Mongo was worried about Marcos, Miguel and Benigno who still hadn’t returned so he went out with Tuma to find them. He let me go along too. He told me I had done a lot of digging recently so it must be time for me to ‘go for a stroll’. It wasn’t really a stroll because we walked for nearly three hours to a ravine and then we had to go down it. The embankments were very steep and it was hard going. We never arrived at the camp until the evening. They said Marcos had been there last night but left today. Not so much of a stroll as a wild goose chase.
At the camp we saw the Jeep Loro bashed up. Lucky for him he’s gone to Camiri for spare parts or he would have got the rough side of Mongo’s tongue (deservedly. Mongo can be harsh but he is always fair in his criticism.) Turns out that Loro fell asleep at the wheel. That’s what comes of having a day off with drinking!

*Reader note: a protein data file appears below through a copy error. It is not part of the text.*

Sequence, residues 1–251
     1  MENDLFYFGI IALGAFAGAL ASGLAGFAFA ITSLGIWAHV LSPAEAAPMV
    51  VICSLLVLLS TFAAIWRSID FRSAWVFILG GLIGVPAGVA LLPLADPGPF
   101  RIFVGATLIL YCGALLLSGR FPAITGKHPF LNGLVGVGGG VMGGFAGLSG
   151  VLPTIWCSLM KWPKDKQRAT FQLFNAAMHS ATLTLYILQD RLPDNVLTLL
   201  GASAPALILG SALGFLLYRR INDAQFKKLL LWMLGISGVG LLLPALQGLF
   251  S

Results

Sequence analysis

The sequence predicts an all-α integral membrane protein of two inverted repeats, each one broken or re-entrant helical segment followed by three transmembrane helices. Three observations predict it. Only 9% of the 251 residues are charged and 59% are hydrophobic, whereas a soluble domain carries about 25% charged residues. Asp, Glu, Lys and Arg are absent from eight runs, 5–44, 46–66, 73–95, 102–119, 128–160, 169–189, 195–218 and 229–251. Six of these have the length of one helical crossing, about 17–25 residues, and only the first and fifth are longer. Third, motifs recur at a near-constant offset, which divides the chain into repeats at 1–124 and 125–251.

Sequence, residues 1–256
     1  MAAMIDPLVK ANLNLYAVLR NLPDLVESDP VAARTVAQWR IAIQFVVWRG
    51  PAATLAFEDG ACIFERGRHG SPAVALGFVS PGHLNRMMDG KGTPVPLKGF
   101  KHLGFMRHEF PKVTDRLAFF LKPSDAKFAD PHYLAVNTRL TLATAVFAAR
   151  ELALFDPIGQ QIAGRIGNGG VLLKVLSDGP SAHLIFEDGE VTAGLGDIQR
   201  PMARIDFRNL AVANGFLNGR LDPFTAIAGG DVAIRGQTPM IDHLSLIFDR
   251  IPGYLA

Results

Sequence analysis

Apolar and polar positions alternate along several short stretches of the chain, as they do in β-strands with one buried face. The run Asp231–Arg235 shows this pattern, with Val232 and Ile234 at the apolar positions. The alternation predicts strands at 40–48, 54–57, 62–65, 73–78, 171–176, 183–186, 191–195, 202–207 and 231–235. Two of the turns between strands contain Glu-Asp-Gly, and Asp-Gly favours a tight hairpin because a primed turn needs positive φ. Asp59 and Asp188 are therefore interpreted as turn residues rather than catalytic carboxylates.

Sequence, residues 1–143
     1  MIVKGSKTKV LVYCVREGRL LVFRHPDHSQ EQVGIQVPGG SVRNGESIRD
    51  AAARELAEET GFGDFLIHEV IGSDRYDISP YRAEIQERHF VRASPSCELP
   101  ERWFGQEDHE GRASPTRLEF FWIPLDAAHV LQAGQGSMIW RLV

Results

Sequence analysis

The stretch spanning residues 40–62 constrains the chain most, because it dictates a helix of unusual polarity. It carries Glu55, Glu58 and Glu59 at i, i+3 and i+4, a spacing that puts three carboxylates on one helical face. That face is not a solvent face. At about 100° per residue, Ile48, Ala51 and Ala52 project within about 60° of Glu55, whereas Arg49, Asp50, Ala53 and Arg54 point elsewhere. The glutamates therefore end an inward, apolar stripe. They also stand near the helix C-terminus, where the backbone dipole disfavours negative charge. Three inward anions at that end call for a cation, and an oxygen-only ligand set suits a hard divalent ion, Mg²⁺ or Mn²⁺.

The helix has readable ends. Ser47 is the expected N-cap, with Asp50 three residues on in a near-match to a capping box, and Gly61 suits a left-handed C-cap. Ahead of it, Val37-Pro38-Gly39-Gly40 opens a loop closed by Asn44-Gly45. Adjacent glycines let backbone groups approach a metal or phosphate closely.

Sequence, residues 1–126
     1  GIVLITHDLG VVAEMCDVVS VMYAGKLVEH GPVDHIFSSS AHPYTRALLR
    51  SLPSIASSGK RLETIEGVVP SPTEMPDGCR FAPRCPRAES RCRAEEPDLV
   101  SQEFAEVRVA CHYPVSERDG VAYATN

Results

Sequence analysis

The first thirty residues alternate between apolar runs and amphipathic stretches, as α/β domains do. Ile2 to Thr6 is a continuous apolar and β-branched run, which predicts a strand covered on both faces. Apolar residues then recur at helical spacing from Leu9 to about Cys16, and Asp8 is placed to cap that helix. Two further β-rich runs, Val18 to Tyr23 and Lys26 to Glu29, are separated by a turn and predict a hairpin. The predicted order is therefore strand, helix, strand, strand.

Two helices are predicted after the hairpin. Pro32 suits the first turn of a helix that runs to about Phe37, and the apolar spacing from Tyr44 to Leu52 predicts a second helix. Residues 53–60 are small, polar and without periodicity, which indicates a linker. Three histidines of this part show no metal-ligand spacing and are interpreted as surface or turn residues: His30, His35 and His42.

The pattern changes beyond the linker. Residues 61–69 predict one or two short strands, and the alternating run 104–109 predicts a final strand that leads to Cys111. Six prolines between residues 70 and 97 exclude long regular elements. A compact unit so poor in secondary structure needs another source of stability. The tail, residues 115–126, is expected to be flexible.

As we were heading back to the second camp, Urbano and Antonio arrived looking for Mongo. Seems like everyone is running around chasing everyone else and no one knows who is where. On our way back to the camp we found Marcos and Miguel, who had slept on a ridge since they couldn’t get to the camp. Marcos was complaining about some things but Mongo told him to stop bothering himself as it didn’t help morale if everyone was bickering, even if they thought they had a good cause for grievance.
Late in the day Inti and Carlos returned from their scouting trip and said they hadn’t found any houses apart from one abandoned one. Mongo stressed that we need to be moving away from habitation. It was nice to have Inti back. The mood lightened a bit – sometimes I think that some of the men just get fed up with the same old faces – but they are all still quite new faces to me. I’m still trying to work out who I can really trust. I know I should trust all my compañeros but I find it hard at present. I said as much to Inti and he said that as long as I am trustworthy myself, at the moment I shouldn’t worry about others. ‘Time will sort it out,’ he said. I hope he is right.